In addition, a movement is underway toward fully electronic checks, more commonly known as electronic payment orders, or electronically created items (ECIs). Walker said his calculations suggest businesses could amass $29 billion a year in savings by converting existing B2B paper checks to ECIs. "This would have a huge impact on the business community," Walker said. Several companies, and a few large banks, offer businesses services that emulate ECIs, although currently no laws or regulations address these items, he added.
In August 2016, Bank of America established a partnership with upstart Viewpost IP Holdings LLC to support electronic initiation of checks and related remittance documents by the bank's more than 3 million small business customers. Viewpost prints instructions in conformance with industry and regulatory requirements and submits the electronic files for clearing. Most items are presented and cleared within a day. Remittance documents are delivered through electronic interfaces Viewpost has established with major accounting systems. "We see memo-posting [of check payments] within an hour," said Pat McMonagle, Viewpost Executive Vice President, Director of Payment Operations.
The appeal of real-time payments cannot be denied. "Real-time payments can benefit financial institutions, merchants, consumers and society by offering enhanced visibility into payments, by enabling better cash management and by helping businesses better manage day-to-day operations by improving liquidity," the consultancy Deloitte wrote in a recent report, Real-time payments are changing the reality of payments. "The liquidity improvement can be especially impactful to small merchants who may be used to waiting days for their settlement, possibly creating a positive impact on their cash flow and daily sales outstanding (DSOs)."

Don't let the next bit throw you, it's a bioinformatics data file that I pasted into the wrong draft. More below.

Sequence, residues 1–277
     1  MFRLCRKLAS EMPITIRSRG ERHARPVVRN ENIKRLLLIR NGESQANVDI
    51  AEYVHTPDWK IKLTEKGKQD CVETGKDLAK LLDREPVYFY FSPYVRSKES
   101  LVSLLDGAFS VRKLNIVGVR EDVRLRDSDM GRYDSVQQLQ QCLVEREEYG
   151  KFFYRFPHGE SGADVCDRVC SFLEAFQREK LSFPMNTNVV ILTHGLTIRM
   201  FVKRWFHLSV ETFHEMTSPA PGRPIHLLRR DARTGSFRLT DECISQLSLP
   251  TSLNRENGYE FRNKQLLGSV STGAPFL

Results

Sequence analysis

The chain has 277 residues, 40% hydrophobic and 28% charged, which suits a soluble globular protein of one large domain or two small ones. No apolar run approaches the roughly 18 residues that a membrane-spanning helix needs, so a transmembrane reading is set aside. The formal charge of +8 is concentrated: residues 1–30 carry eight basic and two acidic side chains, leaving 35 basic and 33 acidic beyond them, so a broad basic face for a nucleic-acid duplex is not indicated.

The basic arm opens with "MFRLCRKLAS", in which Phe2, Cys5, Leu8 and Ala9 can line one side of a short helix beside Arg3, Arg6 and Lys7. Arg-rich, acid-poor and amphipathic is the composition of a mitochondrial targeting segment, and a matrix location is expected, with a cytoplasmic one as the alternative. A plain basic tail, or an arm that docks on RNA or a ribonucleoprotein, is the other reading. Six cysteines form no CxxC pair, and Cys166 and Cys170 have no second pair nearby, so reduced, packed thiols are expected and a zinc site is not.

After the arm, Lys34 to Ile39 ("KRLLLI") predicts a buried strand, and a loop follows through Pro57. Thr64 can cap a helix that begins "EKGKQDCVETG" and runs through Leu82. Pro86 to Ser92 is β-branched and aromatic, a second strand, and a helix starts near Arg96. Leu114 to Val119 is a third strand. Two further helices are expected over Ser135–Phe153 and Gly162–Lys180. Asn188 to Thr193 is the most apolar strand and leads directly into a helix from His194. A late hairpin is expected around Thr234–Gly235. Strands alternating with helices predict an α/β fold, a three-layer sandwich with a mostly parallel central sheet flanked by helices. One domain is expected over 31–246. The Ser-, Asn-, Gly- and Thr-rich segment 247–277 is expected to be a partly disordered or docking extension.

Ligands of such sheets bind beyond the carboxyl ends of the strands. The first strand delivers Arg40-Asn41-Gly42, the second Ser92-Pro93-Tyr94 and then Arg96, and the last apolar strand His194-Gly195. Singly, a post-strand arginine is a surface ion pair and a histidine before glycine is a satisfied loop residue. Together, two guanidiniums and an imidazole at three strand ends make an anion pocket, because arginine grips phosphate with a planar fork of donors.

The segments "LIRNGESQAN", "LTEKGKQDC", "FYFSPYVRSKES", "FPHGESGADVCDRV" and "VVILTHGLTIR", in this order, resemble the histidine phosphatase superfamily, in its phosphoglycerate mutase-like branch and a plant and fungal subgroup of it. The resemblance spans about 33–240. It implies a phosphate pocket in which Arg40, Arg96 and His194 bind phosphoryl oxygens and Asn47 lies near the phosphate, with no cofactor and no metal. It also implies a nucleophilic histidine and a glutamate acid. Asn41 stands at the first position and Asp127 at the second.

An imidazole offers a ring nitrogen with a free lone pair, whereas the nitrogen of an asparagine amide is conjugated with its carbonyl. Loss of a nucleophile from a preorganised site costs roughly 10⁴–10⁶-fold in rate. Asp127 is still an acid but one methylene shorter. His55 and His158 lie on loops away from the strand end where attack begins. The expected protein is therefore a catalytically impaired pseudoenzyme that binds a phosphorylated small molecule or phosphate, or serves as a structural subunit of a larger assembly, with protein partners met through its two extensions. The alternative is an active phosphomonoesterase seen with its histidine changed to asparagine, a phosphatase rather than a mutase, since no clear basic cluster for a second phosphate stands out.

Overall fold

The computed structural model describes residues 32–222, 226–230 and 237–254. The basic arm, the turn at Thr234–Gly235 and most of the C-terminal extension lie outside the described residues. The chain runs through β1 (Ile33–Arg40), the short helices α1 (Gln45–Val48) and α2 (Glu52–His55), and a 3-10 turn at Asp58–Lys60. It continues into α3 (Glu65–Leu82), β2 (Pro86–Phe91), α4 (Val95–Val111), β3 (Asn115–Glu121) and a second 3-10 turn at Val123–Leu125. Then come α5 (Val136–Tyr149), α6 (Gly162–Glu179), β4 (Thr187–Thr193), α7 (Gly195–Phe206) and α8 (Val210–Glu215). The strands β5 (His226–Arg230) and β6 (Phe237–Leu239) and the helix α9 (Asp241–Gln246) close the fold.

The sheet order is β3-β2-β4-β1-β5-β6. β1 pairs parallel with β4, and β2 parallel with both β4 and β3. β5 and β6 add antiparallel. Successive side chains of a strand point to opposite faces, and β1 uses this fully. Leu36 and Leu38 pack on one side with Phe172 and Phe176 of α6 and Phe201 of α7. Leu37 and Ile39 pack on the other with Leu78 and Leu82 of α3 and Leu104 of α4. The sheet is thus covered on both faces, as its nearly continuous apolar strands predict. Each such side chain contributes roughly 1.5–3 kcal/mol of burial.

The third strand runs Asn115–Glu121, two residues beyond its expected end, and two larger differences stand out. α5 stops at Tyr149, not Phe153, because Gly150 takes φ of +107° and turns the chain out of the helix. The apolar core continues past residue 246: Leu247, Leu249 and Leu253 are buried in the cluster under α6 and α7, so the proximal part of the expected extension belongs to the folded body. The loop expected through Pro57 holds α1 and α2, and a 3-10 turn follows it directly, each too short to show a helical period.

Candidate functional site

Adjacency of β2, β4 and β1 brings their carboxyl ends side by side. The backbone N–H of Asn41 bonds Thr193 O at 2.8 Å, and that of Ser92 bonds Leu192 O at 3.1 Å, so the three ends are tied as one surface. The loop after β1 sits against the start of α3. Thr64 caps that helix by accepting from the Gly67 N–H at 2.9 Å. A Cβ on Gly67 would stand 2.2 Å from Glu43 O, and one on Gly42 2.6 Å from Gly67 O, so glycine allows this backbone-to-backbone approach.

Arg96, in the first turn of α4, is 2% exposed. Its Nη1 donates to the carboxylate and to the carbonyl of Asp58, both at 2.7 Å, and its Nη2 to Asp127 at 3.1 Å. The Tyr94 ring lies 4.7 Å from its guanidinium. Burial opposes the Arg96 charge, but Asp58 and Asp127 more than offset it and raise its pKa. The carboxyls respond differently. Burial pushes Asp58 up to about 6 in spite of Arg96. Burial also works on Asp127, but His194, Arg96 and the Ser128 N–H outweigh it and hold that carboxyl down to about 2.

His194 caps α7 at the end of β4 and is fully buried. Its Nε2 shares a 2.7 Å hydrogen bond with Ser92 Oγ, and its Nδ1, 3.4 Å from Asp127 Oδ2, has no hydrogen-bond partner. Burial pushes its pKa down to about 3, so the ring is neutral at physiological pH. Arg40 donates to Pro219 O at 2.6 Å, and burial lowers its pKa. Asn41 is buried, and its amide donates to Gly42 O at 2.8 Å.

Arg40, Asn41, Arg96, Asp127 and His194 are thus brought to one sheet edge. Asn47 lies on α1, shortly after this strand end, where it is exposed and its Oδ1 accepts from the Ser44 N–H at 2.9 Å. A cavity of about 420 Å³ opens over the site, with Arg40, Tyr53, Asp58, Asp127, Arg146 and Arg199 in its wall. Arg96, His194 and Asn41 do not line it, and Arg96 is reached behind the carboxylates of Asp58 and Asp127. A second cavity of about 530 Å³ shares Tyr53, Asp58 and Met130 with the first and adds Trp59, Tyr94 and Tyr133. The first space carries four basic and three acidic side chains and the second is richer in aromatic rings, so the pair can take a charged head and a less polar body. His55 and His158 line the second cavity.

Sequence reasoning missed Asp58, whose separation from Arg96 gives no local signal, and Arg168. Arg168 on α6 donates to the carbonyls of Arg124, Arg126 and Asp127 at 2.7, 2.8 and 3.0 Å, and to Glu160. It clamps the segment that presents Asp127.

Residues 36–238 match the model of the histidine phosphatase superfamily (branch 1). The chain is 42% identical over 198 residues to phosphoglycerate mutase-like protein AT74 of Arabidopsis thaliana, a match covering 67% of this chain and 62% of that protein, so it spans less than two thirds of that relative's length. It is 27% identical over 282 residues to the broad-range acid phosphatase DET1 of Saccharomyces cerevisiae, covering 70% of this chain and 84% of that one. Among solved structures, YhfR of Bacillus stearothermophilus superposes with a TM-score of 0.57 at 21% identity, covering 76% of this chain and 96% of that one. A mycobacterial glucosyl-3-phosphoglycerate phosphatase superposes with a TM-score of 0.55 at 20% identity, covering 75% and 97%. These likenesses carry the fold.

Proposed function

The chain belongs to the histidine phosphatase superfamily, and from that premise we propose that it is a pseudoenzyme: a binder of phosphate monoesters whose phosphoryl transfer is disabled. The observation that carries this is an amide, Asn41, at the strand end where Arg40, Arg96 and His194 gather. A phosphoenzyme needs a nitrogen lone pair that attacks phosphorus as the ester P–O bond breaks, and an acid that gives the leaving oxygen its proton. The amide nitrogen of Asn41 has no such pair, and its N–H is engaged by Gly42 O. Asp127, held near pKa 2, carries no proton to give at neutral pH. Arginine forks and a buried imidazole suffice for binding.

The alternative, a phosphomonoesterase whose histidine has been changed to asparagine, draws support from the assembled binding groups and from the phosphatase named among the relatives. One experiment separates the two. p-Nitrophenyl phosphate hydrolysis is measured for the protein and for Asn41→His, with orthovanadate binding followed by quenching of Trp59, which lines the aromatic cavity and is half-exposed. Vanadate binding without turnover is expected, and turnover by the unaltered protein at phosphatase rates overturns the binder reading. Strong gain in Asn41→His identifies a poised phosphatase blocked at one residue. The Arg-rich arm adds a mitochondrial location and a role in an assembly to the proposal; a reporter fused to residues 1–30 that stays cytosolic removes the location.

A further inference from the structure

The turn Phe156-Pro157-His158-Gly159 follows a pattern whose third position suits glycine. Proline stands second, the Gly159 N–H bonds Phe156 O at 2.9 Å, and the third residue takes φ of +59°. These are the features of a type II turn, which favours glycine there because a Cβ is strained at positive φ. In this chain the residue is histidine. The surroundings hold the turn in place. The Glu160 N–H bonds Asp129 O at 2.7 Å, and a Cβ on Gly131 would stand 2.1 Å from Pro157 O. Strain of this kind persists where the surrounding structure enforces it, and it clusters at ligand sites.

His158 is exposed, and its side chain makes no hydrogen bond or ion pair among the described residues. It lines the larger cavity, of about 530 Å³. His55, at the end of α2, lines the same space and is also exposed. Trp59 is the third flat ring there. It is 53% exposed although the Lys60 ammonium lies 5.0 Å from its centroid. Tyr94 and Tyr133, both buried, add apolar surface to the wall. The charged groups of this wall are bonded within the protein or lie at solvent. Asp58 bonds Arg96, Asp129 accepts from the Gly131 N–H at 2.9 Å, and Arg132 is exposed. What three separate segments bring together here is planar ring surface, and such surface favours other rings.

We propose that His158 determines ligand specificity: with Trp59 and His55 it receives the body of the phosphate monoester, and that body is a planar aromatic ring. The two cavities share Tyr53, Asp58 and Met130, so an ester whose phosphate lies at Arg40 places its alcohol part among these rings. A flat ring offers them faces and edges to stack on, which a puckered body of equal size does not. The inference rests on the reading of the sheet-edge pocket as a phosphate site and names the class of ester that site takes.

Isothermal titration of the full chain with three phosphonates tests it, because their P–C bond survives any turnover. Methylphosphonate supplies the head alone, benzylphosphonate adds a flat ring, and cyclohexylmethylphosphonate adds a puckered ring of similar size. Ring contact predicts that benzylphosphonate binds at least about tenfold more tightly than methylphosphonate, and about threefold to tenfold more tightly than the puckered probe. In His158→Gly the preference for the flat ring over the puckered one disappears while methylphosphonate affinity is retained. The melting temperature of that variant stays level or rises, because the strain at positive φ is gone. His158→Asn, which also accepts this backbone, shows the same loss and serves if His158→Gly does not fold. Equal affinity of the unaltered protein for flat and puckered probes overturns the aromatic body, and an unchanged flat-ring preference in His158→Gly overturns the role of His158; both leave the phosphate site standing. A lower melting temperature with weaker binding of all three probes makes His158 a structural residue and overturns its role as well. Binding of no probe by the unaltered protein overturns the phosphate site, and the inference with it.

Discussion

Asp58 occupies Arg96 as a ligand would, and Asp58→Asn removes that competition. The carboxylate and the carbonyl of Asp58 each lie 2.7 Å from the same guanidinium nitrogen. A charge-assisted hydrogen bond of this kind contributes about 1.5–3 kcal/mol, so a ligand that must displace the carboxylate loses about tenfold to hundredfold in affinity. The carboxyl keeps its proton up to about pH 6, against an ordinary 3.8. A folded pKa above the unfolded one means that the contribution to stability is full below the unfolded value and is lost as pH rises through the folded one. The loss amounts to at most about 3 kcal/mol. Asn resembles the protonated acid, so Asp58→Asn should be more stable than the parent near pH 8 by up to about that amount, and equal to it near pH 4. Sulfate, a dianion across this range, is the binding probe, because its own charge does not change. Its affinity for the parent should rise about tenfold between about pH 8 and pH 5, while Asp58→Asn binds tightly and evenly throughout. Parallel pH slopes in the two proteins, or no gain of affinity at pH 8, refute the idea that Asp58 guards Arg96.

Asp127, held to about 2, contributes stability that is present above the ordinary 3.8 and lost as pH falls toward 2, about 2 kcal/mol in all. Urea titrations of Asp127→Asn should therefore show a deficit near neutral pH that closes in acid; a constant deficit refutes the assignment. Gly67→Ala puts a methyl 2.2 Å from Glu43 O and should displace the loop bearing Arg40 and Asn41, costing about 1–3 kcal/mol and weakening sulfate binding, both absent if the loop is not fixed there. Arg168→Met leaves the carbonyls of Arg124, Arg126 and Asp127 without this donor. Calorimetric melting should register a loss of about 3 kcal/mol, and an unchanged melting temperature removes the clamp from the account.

The consumer appeal is especially acute. "[M]any consumers now expect almost everything to be available in real time," the consultancy added. "The age of instant gratification is here to stay. Paying bills or friends should not be more than a few clicks or touches away, and the same expectations tend to apply to accessing funds as soon as they are available."
A 2016 survey by banking technology firm Fiserv Inc. drove home the point. "Life moves fast, and people and businesses want their money to move fast, too," said Pat Korb, President, Financial and Risk Management Solutions at Fiserv. Fiserv markets a service that combines check guarantee and mobile deposit support; it allows banks to cash checks and accept check deposits with immediate availability, for a fee.
One question that often arises in discussions of faster payments is just how fast is faster? Is there an expectation for immediacy, or is within hours an acceptable time frame for payment settlement? "For a transaction to be real time it needs to take less than three seconds to complete," said Mike Charles, President and CEO of CONIX Systems Inc., a Vermont-based company specializing in check processing software. That's less than three seconds for bank-to-bank communications as well as intra-bank decision processes.
Time constraints aren't the only thing holding back real-time payments, added Robb Gaynor, founder and Chief Product Officer at Malauzai Software Inc. There also are critical differences in legal treatment of checks and electronic payments.
Under federal and state electronic funds transfer laws, for example, consumers have 60 days from receipt of a statement containing a questionable ACH payment to dispute that transaction, which is substantially more time than consumers have to challenge checks or card payments. Neither businesses nor banks want to risk the financial implications of reversible real-time payments, Gaynor noted. "Real-time payments are great, but the repudiation laws aren't going to change," he said.
Nonetheless, interest in faster digital payments is exploding, especially among consumers. When the consultancy Accenture PLC polled North American consumers in 2016 on awareness of mobile payments, 58 percent indicated they were "extremely aware" while just 8 percent were "not at all aware." In 2012, 27 percent said they were unaware they could use their mobile phones to initiate payments.